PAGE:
Last Updated on 3rd February 2021 by Sophie Nadeau
Remember that guy, Nicolas Flamel, from Harry Potter that creates an elixir that lets you live forever? The elixir that Voldemort was willing to kill for? Well, Nicolas Flamel was a real person. And he lived in Paris! You can even still see his house today… Here’s a brief history of who Nicolas Flamel was, as well as how you can follow in the footsteps of the famous alchemist to this day…
- Who was Nicolas Flamel?
- Was Nicolas Flamel an alchemist?
- What is the Flamel Cross?
- Medieval Paris, Nicolas Flamel & the Harry Potter Connection
- Where to find Nicolas Flamel in Paris Today
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Who was Nicolas Flamel?
Although Nicolas Flamel’s alchemy skills probably weren’t as powerful as the legend suggests (if he even dabbled in alchemy at all!), he was an acclaimed scribe and manuscript vendor. Nicolas Flamel also remains one of the best-documented personalities of medieval times, meaning that we have plenty of records about him.
Born in around 1330 in Pontoise (a town North-West of Paris), Flamel eventually ended up running two shops in the centre of Paris. In some records, Nicolas Flamel is recorded as ‘Nicholas Flamel’.
This is simply a misspelling and the two people are one and the same! In 1368, Flamel married a twice widow and wealthy woman, Pernelle. The couple often made considerable donations to local churches and were well known for their philanthropic endeavours.
Was Nicolas Flamel an alchemist?
It is now widely believed by academics that it wasn’t until hundreds of years after Nicolas Flamel’s death that he actually earned the reputation of being a powerful alchemist. Although Flamel may have had a go at some basic alchemy, the legends are more likely to be fables, fairytales from the 17th century.
The rumours that Flamel had managed to create the philosopher’s stone (otherwise known as the elixir for eternal life) were perpetuated by the fact that he lived until he was in his 80s. This was almost unheard of in medieval times, but his age was probably a result of being wealthy and having access to proper food and shelter, etc.
All things being said, it must be noted that Flamel was also a little more than fascinated by death. At the beginning of the 1400s, Nicolas even designed his own tombstone. You can see the gravestone today at the Musée de Cluny in the Latin Quarter. His will doesn’t suggest that he died vastly wealthy, and yet his legacy lives on…
What is the Flamel Cross?
The Flamel Cross refers to an alchemical symbol which depicts a cross with a snake or serpent draped around it. Above the cross, detached wings and a crown are clearly visible. More commonly, the cross is referred to as the Serpent Cross, although it has never actually be associated with the real life Nicolas Flamel.
Medieval Paris, Nicolas Flamel & the Harry Potter Connection
Though Nicolas Flamel was 666 at the time of his death in the Harry Potter books, the real life man only lived until he was in his eighties. JK Rowling studied Classics with French at the University of Exeter in England, and it was here where she partook in a study abroad programme that transported her to Paris.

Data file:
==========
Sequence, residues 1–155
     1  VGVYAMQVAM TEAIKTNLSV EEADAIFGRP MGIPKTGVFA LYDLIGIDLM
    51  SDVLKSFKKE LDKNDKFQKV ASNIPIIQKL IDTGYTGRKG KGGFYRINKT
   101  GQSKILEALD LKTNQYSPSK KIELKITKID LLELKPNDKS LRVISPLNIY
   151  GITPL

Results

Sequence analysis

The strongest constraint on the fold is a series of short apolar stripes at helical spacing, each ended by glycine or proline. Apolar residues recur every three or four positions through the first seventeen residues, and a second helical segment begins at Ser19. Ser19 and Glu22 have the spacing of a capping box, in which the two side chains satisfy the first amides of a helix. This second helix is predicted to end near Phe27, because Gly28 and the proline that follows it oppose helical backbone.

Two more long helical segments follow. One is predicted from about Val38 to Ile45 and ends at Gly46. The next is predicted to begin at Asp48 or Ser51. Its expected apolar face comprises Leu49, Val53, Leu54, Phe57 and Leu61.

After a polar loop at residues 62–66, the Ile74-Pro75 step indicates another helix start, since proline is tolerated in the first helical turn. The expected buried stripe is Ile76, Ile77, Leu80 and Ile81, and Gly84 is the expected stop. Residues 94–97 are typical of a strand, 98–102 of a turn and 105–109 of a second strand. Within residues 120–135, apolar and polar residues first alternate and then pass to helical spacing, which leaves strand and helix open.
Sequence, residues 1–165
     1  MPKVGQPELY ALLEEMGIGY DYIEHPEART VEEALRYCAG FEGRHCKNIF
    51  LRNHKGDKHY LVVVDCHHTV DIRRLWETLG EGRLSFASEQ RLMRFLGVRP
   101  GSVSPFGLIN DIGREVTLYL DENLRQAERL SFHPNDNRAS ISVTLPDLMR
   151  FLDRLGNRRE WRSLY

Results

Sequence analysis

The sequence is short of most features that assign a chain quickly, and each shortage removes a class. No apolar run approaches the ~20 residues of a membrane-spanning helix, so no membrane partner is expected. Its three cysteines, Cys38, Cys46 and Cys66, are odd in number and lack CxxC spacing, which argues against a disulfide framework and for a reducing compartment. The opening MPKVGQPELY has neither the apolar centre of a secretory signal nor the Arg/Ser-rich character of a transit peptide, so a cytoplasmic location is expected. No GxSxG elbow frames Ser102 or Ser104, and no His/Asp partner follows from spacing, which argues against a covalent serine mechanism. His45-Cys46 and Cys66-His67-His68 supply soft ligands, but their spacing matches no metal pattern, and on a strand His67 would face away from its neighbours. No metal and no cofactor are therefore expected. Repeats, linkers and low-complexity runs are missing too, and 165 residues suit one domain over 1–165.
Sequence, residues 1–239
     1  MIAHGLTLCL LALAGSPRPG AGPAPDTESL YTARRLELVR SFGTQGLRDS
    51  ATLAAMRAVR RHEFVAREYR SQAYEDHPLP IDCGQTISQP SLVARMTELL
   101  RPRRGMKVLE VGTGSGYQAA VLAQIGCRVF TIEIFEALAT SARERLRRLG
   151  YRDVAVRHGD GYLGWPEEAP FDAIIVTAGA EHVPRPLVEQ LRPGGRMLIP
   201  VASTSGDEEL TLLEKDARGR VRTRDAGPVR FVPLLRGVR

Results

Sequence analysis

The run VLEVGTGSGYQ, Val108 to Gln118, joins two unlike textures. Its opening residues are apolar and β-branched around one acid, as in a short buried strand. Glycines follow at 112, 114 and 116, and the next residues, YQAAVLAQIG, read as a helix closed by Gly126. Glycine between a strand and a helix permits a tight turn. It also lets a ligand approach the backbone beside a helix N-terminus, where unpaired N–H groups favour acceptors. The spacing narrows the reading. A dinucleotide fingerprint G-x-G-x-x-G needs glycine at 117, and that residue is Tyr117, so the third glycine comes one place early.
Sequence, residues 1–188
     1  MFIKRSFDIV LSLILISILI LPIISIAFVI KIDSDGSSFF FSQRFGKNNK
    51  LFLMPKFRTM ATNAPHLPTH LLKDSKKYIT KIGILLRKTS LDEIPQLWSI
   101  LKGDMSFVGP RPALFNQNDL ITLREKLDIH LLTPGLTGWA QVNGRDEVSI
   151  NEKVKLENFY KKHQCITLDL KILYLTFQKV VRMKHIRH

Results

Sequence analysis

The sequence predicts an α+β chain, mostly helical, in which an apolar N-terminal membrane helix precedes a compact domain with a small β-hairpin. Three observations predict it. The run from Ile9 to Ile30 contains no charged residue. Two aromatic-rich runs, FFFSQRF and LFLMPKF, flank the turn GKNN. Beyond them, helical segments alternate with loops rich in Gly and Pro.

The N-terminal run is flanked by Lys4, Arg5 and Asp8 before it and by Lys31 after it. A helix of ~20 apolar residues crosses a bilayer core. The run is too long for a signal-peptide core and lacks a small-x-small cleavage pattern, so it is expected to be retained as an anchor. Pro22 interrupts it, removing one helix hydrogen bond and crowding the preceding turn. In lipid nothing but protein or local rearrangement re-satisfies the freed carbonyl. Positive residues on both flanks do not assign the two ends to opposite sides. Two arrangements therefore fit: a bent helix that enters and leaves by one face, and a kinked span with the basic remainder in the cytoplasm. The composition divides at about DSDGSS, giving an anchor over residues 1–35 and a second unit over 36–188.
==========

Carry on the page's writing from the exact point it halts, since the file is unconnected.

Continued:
It was probably during her time living in the City of Light, that JK Rowling first heard of Nicolas Flamel. if you’re curious to learn more about magic in the French capital, here’s a guide to finding Harry Potter inspiration in Paris.
Today, one of the best examples of Medieval Paris can be found in the form of Hôtel de Sens. Situated in Le Marais and close to the Seine, this building was once home to the Archbishopric of Sens. Now, the former middle ages mansion houses a library dedicated to the decorative arts and you can visit for free. Curious to know more? Here’s a peek inside Bibliotheque Forney…
Where to find Nicolas Flamel in Paris Today
Rue Pernelle & Rue Nicolas Flamel
Close to Chatelet and near Tour Saint Jacques(the only remaining tower of a once grand church close to Hôtel de Ville), two roads have been named for Flamel and his wife. I think that it’s really lovely that they intersect so that the two lovers are together forever.
Filled with cafés and green spaces, the roads are picturesque Parisian streets and the perfect place to have a café. Nearby attractions include wandering along the River Seine, exploring Le Marais quarter of the city, and experiencing the shopping area around Châtelet.
Auberge Nicolas Flamel, 51 Rue de Montmorency
Down a winding, cobblestone lined road in Paris, lies a rather unusual house. In fact, this house has stood here in its entirety since 1407. The address is 51 Rue de Montmorency and it is now the site of a restaurant/ hotel which has particularly good ratings online.
It is the best known and only surviving house that the Flamels, who were famed for their philanthropy, owned. Sadly, Flamel’s wife, Pernelle died decades before him, in 1397. Following her death, he decided to build the house that still stands there today.
After it was discovered that the house at 3 Rue Volta was actually a replica of a much older house, Flamel’s stone house in the centre of Le Marais became the official oldest house in Paris. If you’re looking to explore more of this arrondissement in depth, then be sure to take this free and self-guided Le Marais walking tour of medieval Paris!